2. Is reaching outside the Senate to pull in Rick Santorum supposed to make me feel better about this plan, or worse?
Graham just sent out another release headlined, “Graham: GOP “Can’t Quit on Repealing and Replacing Obamacare.”
Yeah, you can. And you need to, for the good of the country. McConnell’s given up. Why can’t you?
Today I introduced legislation to replace Obamacare with health care reform that puts patients first and returns power to the states.
From the start, Obamacare has been a disaster.
Two of its biggest problems are that it was never designed to be patient-friendly and it rewards states that favor big government.
Instead of a Washington-knows-best attitude, my legislation cosponsored by Senators Bill Cassidy (R-Louisiana), Dean Heller (R-Nevada) and Ron Johnson (R-Wisconsin) sets out to change that dynamic by empowering those closest to the health care needs of their communities to provide solutions.
Our bill is already under attack by some of the chief architects of Obamacare. In fact, one of them called our legislation “the most significant threat” to repeal Obamacare.
They are worried and for good reason. It was crafted hand-in-hand with our nation’s governors who understand the unique health care needs of their states. It also moves power out of Washington unlike Obamacare which aims to consolidate power in Washington.
More specifically our bill:
I’m working hard to get this done for the people of South Carolina who have suffered long enough under Obamacare.
I’ll keep you updated as this proposal moves forward.
Lindsey O. Graham
United States Senator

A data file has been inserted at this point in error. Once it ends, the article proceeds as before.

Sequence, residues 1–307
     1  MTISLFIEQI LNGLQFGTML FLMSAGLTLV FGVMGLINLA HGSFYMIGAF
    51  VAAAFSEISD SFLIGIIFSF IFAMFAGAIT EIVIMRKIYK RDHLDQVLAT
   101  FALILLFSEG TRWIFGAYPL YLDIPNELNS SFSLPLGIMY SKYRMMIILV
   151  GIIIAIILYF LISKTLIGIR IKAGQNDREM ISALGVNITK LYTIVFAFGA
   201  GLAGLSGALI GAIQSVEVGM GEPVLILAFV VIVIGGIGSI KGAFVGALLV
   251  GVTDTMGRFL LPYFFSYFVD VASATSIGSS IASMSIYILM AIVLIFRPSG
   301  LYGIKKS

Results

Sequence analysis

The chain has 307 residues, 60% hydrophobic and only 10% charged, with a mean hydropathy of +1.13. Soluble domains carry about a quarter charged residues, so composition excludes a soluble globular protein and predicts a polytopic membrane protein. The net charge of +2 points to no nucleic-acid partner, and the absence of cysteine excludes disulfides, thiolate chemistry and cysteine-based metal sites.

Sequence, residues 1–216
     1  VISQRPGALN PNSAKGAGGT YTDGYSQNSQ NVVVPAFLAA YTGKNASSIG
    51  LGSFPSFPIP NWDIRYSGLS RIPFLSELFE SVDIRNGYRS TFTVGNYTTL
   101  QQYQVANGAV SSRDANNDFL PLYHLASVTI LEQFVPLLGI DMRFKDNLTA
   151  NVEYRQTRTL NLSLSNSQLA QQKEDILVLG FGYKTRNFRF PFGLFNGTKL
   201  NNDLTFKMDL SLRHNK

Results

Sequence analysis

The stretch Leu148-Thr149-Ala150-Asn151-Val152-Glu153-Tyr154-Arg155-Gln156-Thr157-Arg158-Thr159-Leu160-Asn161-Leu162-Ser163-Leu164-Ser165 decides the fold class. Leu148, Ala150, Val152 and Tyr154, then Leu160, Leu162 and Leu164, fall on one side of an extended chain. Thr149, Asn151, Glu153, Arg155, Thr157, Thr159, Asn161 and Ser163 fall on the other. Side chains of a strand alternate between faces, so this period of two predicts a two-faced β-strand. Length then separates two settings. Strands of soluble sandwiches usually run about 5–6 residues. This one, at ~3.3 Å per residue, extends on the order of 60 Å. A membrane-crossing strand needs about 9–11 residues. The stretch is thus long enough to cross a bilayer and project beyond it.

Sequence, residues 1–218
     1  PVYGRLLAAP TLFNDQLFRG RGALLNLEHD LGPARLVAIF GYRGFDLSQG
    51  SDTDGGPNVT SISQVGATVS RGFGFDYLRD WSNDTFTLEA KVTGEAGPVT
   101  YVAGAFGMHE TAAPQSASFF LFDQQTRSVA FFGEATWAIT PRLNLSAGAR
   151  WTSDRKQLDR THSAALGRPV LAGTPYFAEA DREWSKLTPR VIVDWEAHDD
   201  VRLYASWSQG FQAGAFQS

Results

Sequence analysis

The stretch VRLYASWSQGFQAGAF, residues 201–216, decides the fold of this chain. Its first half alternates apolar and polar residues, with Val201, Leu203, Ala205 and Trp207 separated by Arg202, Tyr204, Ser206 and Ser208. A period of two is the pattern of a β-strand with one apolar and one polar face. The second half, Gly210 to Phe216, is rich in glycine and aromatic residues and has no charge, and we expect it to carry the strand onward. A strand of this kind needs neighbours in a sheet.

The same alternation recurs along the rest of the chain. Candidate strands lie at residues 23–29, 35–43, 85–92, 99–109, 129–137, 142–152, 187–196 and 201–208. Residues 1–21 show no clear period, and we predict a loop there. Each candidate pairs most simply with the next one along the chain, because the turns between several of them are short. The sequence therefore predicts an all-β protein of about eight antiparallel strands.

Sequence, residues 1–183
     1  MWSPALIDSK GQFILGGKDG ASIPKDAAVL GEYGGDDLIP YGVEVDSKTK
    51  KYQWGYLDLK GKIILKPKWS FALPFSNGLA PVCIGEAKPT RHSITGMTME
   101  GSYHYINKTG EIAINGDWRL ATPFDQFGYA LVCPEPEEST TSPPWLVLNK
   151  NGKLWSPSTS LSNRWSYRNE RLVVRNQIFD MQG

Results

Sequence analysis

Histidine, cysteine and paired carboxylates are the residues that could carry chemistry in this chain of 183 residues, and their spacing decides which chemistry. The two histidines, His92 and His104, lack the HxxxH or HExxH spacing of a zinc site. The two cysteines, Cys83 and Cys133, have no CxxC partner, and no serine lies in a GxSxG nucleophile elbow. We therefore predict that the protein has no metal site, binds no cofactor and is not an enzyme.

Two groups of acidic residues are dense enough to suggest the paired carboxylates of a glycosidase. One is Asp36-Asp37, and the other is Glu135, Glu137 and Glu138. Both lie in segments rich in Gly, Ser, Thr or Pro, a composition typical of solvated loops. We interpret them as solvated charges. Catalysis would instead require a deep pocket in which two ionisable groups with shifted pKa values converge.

It starts, of course, with a couple of lies that increasingly are accepted as truth in the alternative universe that too many Republicans — and Trump supporters as well — inhabit:
“From the start, Obamacare has been a disaster.” That is simply not the case. You don’t make a statement like that without backing it up — unless you are talking only to people who believe it without evidence.
“Two of its biggest problems are that it was never designed to be patient-friendly and it rewards states that favor big government.” What he means there, of course, is “states that actually want to extend health benefits to people who currently lack coverage.”
What plan IS patient-friendly? One of the problems with the twisted wilderness of private insurance AND the ACA is that they are almost impossible for a layperson to navigate.
Which is why single-payer is the way to go…
Sander’s idea is half right (the universal coverage part), but his plan will “break the bank.” California just looked into a similar program for their state, but an appropriations committee estimated it would cost $400 billion, over twice the state’s annual budget.
Universal catastrophic coverage has elements from both progressive and conservative playbooks; it combines the federal guarantee of insurance for all with the cost-controlling benefits of insurers competing for that business. For more details, search “universal catastrophic coverage.”